Speaking to an overflow crowd of private school students in one of the State House complex's largest meeting rooms, Hogan called on the General Assembly to pass the Maryland Education Credit as a way of promoting alternative educational choices for Maryland families.
The legislation would allow businesses a tax credit of up to $200,000 for donations to what are known as student assistance organizations, which can provide aid to either public or private school students. The concept is especially popular with operators of private schools, including the Catholic church and other religious groups. Opponents predict it would do little for public schools because it directs spending to purposes already financed by the state.
Hogan said similar legislation has passed the Senate in past years only to be "bottled up" in a House committee. Asserting that the bill has majority support in the full House, Hogan called on Busch to allow to get it out of committee and receive a floor vote.
"This year, with your help, we are finally going to get the House of Delegates on board," Hogan told hundreds of students, teachers and parents who came to Annapolis to stage a rally and lobby legislators. As lawmakers streamed toward the State House Wednesday morning, they were greeted with chants of "Give Kids the Credit!"
The program would be capped at $15 million a year in lost state revenue, but even that relatively small program could be difficult to pass when the legislature is considering Hogan's proposed cuts to state aid formulas for public education.
It was the second time in the past week that Hogan has publicly called out the speaker over the legislation, identifying him as the chief obstacle to the passage of the credit bill.
Busch said the credit bill has never been able to muster a majority in the House Ways & Means Committee. He said the measure must go through the same process as any other legislation -- which requires committee approval before a floor vote. The speaker said committee members still have reservations about the legislation.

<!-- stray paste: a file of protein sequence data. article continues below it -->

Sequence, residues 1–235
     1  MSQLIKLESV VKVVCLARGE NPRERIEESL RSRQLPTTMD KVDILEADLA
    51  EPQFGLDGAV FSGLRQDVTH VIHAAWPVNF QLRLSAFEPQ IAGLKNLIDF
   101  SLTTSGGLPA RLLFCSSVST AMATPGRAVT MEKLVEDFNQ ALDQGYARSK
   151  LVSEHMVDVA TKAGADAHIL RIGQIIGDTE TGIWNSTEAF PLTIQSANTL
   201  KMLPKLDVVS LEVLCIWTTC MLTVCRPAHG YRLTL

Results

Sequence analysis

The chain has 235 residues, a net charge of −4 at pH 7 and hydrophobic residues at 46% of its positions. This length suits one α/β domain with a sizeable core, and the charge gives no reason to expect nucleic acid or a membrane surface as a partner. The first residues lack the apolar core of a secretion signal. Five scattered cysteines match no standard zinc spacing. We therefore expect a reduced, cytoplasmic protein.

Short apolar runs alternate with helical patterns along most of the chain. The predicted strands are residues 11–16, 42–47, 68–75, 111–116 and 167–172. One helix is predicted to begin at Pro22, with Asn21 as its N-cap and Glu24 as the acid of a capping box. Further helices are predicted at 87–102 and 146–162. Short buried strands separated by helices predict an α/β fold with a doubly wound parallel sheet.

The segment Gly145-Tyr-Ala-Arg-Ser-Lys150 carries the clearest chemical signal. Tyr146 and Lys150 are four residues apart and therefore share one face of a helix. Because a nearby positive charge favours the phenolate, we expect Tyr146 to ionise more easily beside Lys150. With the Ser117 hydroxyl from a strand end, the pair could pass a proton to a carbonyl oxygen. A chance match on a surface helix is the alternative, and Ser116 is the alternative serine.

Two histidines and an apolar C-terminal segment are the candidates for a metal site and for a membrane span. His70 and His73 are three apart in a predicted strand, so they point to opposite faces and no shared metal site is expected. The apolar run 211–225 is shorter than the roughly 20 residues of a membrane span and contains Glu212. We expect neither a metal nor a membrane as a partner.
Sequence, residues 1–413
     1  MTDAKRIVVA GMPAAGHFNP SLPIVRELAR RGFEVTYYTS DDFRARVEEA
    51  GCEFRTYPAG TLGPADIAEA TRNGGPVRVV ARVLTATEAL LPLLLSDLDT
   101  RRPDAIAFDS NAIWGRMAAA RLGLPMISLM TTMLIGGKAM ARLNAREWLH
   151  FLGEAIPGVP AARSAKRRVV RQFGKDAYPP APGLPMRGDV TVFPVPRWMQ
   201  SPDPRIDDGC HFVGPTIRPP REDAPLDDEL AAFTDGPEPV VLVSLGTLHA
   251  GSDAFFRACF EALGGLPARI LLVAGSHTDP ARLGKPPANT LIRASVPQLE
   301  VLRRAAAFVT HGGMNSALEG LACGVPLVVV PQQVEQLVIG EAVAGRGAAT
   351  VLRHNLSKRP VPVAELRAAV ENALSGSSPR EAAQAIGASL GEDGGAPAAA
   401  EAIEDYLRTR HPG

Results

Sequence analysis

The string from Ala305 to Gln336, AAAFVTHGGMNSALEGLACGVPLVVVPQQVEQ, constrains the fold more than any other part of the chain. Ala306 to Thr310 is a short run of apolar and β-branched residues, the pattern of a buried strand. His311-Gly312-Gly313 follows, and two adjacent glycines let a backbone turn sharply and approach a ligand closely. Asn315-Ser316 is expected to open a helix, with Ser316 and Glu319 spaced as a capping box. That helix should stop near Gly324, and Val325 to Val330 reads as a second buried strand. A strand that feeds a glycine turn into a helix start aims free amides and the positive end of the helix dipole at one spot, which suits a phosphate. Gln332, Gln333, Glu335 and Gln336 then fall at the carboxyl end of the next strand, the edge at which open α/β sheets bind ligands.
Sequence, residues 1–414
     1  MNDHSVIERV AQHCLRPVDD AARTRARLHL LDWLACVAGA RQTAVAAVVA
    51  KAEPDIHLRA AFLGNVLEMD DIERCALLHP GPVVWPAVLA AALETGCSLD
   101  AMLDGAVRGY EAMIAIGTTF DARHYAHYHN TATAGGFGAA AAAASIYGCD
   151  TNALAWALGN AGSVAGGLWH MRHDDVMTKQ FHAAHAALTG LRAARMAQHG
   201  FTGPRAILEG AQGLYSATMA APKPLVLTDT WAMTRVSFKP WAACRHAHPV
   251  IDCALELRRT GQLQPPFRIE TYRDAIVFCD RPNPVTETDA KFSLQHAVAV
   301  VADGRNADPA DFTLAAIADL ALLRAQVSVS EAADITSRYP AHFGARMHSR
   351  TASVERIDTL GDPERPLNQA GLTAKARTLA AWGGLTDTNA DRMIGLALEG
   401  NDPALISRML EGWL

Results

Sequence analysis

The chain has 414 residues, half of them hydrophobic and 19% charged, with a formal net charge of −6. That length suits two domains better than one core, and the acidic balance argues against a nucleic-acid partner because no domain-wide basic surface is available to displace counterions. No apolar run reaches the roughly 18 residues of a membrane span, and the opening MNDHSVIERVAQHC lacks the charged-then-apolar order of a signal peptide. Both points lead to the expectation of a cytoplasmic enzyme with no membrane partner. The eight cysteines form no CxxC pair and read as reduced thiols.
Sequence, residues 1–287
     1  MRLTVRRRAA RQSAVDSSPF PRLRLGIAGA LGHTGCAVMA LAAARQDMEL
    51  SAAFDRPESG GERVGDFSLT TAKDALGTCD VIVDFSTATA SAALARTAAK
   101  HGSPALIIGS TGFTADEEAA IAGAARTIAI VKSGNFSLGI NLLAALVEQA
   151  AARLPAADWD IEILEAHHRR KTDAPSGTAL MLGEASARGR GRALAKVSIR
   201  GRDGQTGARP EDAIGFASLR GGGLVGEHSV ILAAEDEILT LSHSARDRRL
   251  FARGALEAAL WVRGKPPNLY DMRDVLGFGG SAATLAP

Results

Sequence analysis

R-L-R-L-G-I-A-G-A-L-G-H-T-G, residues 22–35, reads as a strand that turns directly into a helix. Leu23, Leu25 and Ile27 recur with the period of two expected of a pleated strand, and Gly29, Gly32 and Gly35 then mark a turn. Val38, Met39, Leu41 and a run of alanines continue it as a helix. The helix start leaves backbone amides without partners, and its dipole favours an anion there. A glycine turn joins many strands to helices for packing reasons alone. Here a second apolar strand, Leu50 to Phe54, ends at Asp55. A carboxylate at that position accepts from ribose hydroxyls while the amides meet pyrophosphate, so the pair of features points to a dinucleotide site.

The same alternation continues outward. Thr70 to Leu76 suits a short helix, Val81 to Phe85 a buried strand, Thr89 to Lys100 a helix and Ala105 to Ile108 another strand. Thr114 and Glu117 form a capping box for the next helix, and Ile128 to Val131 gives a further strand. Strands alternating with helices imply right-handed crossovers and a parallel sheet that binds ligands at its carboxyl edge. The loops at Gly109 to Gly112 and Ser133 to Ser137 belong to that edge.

"It's hard for the legislature to fund private religious schools when Governor Hogan fails to fully fund the public education system," said Busch, an Anne Arundel County Democrat.
Busch said the fundamental question was whether Maryland taxpayers should be financing transportation, tuition, tutoring uniforms and other costs at private schools.
"If Governor Hogan believes that, let him put in a direct appropriation," the speaker said.
Hogan insisted the state's public education budget issues should not be a bar to passing the credit bill, which gives schools that serve lower-income students priority.
"This bill does not take money away from public schools," he told the group.
Joining Hogan to support the bill were Senate President Thomas V. Mike Miller and Archbishop William Lori of Baltimore, who told the crowd that the credit is especially needed to help the Catholic church keep inner city schools open.